Making homemade dog food is an increasingly popular concept, and understandably so. If the right ingredients are used, it is healthy, easy to make and affordable, and offers a sense of reassurance to pet parents concerned about pet food recalls.
Where Labs Came From, and What They Ate There
Parents of Labrador retrievers can further customize their dogs' diet to cater to the breed, along with their dog's activity levels, age and other factors.
Labradors originated on the island of Newfoundland, where they helped local fishermen haul nets, fetch ropes and retrieve escaped fish. In this environment, they were likely offered fish as they worked alongside their human counterparts.
Using this historical knowledge, modern-day Lab parents can consider offering fish as part of a homemade diet.
General Components of a Homemade Diet
Alongside fish, dogs should have other meats, vegetables, fruits, healthy oils and starches. Generally, a dog should eat 50 to 75 percent animal protein, 15 to 18 percent fat and 25 percent carbohydrates.
Dogs can eat a range of meats including poultry, lamb and venison. Since some dogs are sensitive to beef and cannot digest it, experiment with small amounts and monitor your dog's reaction.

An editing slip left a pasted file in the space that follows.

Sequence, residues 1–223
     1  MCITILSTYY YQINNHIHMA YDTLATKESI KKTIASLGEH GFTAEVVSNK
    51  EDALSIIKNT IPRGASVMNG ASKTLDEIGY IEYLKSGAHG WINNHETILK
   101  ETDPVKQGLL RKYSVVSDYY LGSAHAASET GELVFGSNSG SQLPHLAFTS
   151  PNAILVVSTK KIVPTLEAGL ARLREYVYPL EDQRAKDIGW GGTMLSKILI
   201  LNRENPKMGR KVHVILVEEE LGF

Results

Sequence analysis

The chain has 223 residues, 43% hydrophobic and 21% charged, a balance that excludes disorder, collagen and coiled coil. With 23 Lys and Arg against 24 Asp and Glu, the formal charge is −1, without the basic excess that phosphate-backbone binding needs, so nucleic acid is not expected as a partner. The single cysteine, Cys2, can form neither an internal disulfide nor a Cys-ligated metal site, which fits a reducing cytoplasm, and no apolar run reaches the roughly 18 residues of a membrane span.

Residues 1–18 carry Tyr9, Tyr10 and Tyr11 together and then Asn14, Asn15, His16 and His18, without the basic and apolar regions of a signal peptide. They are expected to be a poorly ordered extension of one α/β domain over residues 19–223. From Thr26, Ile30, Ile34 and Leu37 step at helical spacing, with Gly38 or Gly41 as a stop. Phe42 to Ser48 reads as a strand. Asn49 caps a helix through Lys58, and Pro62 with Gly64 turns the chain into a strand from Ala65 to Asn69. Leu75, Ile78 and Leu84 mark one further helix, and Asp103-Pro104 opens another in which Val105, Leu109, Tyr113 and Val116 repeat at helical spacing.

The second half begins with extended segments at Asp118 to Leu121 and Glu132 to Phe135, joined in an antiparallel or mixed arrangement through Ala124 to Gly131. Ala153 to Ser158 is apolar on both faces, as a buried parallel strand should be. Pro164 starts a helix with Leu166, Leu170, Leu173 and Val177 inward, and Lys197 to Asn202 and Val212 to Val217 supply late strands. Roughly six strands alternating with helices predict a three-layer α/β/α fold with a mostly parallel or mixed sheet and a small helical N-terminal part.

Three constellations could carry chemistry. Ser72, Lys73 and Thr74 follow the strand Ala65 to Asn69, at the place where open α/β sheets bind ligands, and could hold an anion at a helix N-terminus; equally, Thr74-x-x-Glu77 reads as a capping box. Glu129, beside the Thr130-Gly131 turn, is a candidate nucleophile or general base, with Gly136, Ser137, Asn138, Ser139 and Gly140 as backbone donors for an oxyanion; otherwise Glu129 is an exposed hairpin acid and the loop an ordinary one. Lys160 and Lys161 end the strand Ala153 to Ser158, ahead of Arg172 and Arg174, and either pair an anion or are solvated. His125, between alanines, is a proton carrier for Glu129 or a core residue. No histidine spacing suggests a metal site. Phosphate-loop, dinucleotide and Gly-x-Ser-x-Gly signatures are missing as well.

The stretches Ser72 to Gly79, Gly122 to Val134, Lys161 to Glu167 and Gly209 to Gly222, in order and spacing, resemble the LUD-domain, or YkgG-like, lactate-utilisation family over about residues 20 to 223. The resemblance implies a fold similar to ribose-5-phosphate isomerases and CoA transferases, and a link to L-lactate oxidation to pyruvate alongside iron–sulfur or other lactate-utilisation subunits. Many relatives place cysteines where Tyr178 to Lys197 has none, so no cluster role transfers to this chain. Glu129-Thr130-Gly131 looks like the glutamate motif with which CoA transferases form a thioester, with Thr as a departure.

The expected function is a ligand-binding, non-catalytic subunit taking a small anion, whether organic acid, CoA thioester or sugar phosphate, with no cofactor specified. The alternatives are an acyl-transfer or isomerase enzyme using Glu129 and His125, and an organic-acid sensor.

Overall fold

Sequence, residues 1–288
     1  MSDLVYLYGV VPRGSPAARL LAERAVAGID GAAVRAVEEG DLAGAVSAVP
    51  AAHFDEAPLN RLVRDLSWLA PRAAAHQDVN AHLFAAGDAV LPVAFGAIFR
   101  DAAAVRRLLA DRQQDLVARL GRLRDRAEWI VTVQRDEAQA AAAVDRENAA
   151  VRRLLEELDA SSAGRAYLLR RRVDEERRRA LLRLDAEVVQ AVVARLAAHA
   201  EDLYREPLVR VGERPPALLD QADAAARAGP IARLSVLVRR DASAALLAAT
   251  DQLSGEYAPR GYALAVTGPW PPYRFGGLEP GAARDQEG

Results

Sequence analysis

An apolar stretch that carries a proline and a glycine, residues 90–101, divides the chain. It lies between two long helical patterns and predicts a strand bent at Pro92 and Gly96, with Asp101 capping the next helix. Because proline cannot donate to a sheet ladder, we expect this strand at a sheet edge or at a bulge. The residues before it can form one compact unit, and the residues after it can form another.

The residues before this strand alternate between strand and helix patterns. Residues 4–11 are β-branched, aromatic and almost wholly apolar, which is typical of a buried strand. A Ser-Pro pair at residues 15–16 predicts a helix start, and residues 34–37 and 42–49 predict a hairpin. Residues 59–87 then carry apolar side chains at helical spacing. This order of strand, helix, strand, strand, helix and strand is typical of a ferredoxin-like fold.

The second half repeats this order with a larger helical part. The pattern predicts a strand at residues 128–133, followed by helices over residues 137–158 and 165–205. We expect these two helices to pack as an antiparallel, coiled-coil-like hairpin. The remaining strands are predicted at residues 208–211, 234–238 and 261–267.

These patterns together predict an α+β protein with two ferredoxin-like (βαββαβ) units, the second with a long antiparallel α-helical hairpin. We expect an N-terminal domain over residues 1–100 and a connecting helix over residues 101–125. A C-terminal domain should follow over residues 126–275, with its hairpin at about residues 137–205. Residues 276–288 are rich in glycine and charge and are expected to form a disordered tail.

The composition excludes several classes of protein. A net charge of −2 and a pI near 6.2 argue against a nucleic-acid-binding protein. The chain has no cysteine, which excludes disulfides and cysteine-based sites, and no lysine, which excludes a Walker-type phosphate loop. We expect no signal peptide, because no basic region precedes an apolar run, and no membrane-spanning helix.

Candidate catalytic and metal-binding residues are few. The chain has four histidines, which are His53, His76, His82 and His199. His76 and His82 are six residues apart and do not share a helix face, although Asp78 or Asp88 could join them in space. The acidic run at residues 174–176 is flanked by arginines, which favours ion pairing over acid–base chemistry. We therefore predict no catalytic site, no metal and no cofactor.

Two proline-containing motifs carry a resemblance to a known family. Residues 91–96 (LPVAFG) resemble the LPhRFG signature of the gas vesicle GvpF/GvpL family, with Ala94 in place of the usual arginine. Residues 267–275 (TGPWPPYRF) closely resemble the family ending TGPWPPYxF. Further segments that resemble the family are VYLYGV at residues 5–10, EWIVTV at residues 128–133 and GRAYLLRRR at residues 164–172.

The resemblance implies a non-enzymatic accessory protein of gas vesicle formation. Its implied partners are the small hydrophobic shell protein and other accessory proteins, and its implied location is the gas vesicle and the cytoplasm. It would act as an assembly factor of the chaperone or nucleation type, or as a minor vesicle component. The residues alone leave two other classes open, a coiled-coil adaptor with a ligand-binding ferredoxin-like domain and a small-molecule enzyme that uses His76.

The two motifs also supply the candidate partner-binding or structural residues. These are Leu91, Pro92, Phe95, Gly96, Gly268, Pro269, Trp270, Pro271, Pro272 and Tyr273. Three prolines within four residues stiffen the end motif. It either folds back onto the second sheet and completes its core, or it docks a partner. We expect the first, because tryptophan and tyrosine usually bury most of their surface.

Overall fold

Vegetables, including asparagus, broccoli, carrots and squash are great additions, and healthy oils include olive, flax and safflower oils.
How to Begin
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Dietary changes should be done gradually, allowing your dog's body to adjust and minimizing intestinal upset. A guideline is to add new foods at a rate of 10 to 25 percent each week. For example, for a 60-pound Lab needing 1,500 calories per day, you might add 150 calories' worth of new food per week, while removing an equal amount of current food. Add a bit more homemade food each week, and he will be used to a homemade diet in no time.
Cooking Suggestions and Other Advice
In the beginning, cook all the food you are serving to your dog. This helps with digestibility, which is especially important for dogs who have not had much fresh, homemade foods before.
In later stages, if your dog is tolerating the transition, you can experiment with small amounts of chopped or grated raw vegetables.
After clearing any dietary issues with your veterinary nutritionist, you can have your Lab well on the way to a healthy, delicious and safely prepared homemade diet.
Sarah Whitman's work has been featured in newspapers, magazines, websites and informational booklets. She is currently pursuing a master's degree in nutrition, and her projects feature nutrition and cooking, whole foods, supplements and organics. She also specializes in companion animal health, encouraging the use of whole foods, supplements and other holistic approaches to pet care.